My father-in-law was mentioned in this book as he also, like Ben Steele, survived the Bataan Death March and imprisonment in Camp O'Donnell and working in the coal mines. It has made me even prouder to have known him. He passed away in 2003 from complications of silicosis contracted as a result of his wartime work in the mines. May God Bless All the Brave, Ordinary Men and Women who go to war and survive and to those who don't survive. They deserve our admiration.
An incredible story from the American and Japanese viewpoints about the battle for the Philippines, the Battan Death March and its aftermath and well as the story of one American captive from Montana, Ben
This was a sometimes depressing read that made me angry. My Mom had a high school boyfriend who survived the Japanese death camps and he was never the same again. She hates the Japanese to this very day. Maybe it isn't a good idea to hate anymore but we should never forget.
Michael Prichard does an amazing job of narrating this powerful book. If this narration and story does not bring a tear to your eye several times, you must not be human. I, too, bought the hardback version the evening that I finished the audo version. I needed it in my library and I will encourage my 10 year old son to read it some day when he is old enough to understand and appreciate it.
I knew the general story of the Bataan Death March and the fall of the Philippines--but had no idea of the degree of cruelty inflicted on Americans and Filipinos by the Japanese on Bataan. The story is disturbing in parts because of the horrors inflicted by the Japanese. It also gives me a new perspective on the decision to use atomic weapons against the Japanese--Roosevelt presumably knew much of what had happened in Bataan, and elsewhere in the Pacific; and knowing even half of what is in the book would have made his decision to authorize the bombing of Hiroshima and Nagasaki a lot easier to justify and more difficult to criticize. Not a criticism, but the book does focus largely on the American soldiers on Bataan; but 80% of the prisoners/casualties were Filipinos.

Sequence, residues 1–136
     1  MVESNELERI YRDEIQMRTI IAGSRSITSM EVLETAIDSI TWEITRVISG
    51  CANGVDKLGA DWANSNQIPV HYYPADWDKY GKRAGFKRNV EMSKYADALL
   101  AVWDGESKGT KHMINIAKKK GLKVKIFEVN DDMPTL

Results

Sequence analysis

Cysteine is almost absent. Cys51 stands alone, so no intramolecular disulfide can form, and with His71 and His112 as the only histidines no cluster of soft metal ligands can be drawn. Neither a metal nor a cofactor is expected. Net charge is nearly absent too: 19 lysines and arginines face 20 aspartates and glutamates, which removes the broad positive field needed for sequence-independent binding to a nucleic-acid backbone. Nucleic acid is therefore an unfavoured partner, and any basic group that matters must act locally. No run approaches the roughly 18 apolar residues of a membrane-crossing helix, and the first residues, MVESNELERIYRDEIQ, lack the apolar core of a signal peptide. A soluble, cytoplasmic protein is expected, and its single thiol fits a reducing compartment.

I was always more interested in the European theater of WWII, so I had very little knowledge of the Bataan Death March. This book is so incredibly insightful and almost impossible to stop listening to.
The narration seemed a little forced at first, but it got a lot better. This book reads more like a story than a history paper and keeps you riveted.
If you like WWII history, or just a really good story, this is a must listen!
Only 3 stars because of the awful narration. I agree with those who said there was much too much detail.
I don't consider this a man's book because I'm a woman but have always been interested in war history.
It's a good book but really suffers from the narration.
I am a retired Court Reporter and I LOVE books. All kinds of books but my favorites are mysteries and period books. I like civil war books and some biographies.
A really good book on a difficult time.
Even though I was familiar with the Bataan Death March and have read other books on the subject, I was still deeply affected by this book. The atrocities that were committed, and the sheer scope of these events really puts a new perspective on WW
II. I was glad the authors followed Ben Steel's life after the war; he is an amazing survivor. A great read, although not my favorite narrator.
This was a well told, heartbreaking story about what went on in the Phillipines during the second World War. While the American prisoners of war suffered beyond belief, it was a tragedy for all. The Norman's words, coupled with a super narration by Michael Prichard make you feel as if you are there.